…I was just wondering, can anyone here identifty was instrument this is, on a photograph of a control panel from a Soyuz panel? It’s function is pretty obvious, I suppose, but I’d like to know what it’s actual name is, how it works, and what other functions it has, if any, besides pointing out where the capsule is over Earth.
Well, thanks for your time,
I’ve asked on the Bad Astronomy and Space.com message boards, to see if anyone there has an idea. It’ll be interesting to find out.
D-uh I can’t believe you’re even asking this - it’s so obvious.
It’s a porthole - the photograph having been taken in orbit with the earth in partial view.
Probably not a whole lot of help Ranchoth, but this page identifies it as " a globe for showing the subsatellite point".
That would be this page.
In the case of American spacecraft (reference to Mercury technical diagrams) its name is “Earth Path Indicator”.
Oh, right… the knowledge of location and orbital path inclination is used in case a manual-command reentry is necessary (you combine it with a visual earth-horizon or celestial alignment for vehicle attitude – taken through a calibrated scope – in order to time your retro burn) so you’ll know where you’ll land. The drive system for the “ball” and how it’s synched to the spacecraft’s gyros/inertial navigation system/computer depends on what spacecraft you’re on.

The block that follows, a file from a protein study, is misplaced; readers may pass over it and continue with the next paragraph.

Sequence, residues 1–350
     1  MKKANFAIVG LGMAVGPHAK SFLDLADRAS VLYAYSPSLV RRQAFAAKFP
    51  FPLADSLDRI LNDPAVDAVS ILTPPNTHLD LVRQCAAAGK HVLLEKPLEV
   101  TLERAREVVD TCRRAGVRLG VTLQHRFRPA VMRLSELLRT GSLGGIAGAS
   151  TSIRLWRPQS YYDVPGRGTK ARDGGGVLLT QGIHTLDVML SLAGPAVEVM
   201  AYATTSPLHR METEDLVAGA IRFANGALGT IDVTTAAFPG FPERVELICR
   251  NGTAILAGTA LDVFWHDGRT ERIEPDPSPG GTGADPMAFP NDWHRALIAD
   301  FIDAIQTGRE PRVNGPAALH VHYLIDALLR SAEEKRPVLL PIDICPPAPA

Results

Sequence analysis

… and some more info:
http://www.sscnet.ucla.edu/geog/gessler/collections/ calls the device a “Mission Globe”.
http://hrst.mit.edu/hrs/apollo/soviet/essays/essay-tiapchenko1.htm has more that I ever imagined about the Soviet/Russian instrumentation systems. Page 4 indicates that the mechanical Mission Globe is not included in the current ISS “lifeboat” Soyuz-TMA (latest 2 launches), replaced by a video-display readout.